In her most recent hospitalization, Kylynn went to Cooper Medical Center in Camden, New Jersey to have dental work done, which requires plasma infusions because of her immune system disease. But "her throat started to bother her the day we were coming in for the procedure, and before we could get a (hospital) bracelet on her arm, her throat closed," her mother says.
It was a moment of panic. "She was dying in front of me," Welsh says. A critical-care doctor recognized the signs of distress and said, " 'Let's go, let's go,' " Welsh says. He inserted a fiber-optic scope through Kylynn's nose and throat to see where the swelling was, so he could insert a breathing tube.
In May, Reagan Williams, who turns 10 next Sunday, complained to her mother about being frequently thirsty and needing to get up at night to go to the bathroom. She was tired and grumpy and was losing weight. "I was thinking those are classic diabetes symptoms," says her mother, Teresa Osborne of Westborough, Mass. But "I didn't know they were symptoms that needed immediate attention."
It wasn't until Reagan felt sick to her stomach after being out to dinner that her symptoms became truly alarming. She drank juice before bed and in the morning was "lethargic and very unfocused." When she was no better the next day, Osborne took her to the emergency room. There, she was diagnosed with type 1 diabetes, a disease in which the immune system destroys insulin-producing cells.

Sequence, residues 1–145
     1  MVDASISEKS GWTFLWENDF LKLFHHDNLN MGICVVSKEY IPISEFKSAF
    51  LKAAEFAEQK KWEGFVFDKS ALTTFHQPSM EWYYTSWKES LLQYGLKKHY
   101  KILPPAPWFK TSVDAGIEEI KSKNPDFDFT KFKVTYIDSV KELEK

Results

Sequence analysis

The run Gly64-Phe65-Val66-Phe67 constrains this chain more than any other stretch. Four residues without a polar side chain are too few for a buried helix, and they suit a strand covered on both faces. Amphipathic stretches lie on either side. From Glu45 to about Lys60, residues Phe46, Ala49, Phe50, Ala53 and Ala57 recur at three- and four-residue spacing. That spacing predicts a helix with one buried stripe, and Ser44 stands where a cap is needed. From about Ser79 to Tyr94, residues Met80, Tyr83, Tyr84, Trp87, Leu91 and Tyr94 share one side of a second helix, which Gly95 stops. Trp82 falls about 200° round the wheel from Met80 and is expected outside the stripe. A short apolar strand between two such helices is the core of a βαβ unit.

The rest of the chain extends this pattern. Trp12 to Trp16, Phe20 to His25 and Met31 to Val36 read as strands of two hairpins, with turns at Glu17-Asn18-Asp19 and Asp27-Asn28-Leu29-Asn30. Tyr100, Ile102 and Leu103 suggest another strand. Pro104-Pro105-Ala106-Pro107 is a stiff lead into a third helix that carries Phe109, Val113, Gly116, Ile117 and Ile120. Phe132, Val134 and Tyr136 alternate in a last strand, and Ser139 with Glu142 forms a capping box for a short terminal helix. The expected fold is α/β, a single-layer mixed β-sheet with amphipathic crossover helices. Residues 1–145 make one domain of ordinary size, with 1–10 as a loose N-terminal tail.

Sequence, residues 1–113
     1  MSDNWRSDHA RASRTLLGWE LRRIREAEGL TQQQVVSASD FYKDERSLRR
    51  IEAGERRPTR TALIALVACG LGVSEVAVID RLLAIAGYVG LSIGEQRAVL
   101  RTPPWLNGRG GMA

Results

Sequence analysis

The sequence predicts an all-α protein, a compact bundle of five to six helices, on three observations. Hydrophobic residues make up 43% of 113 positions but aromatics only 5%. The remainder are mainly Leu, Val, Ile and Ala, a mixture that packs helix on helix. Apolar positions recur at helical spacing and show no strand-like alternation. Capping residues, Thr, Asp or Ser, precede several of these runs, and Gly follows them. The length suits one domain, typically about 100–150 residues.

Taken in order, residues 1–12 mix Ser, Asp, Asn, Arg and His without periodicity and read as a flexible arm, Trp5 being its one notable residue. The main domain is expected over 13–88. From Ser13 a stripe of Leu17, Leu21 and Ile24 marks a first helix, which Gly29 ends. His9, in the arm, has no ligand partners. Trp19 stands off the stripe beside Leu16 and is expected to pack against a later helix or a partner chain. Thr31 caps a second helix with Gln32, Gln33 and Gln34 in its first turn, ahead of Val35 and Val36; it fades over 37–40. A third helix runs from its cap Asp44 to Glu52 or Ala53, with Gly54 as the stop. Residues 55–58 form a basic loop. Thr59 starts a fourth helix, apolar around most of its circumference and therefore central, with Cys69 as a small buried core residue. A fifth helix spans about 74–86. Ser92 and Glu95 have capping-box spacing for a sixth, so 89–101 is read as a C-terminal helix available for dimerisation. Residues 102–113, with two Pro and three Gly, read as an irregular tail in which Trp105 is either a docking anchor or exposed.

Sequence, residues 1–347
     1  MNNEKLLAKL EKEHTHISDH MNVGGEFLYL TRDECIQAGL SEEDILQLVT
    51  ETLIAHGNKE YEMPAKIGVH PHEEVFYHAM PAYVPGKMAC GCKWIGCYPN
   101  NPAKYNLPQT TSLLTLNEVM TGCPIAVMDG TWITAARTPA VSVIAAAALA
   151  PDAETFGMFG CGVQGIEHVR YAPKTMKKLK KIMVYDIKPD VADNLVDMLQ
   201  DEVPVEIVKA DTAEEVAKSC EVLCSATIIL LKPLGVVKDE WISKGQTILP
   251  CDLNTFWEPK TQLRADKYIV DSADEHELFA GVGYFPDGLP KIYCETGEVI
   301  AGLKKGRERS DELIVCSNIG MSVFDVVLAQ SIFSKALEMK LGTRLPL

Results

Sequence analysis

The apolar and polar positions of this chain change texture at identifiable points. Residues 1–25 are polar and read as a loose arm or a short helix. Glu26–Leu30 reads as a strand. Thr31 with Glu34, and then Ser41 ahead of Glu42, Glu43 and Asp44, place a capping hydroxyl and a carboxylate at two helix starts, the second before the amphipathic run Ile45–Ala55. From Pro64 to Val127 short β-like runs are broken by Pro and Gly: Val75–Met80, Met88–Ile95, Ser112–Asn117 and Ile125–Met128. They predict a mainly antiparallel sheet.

Reagan was in a state of diabetic ketoacidosis, a dangerous condition caused by extremely high blood sugar. After 31/2 days in the hospital, she was able to go home to begin life with diabetes. She takes four shots of insulin a day and tests her blood sugar six times a day.
She is back on her feet now, enjoying her first days in fourth grade. The 18-year-old Welsh should has also been discharged from the hospital and will soon be starting college, her mother says.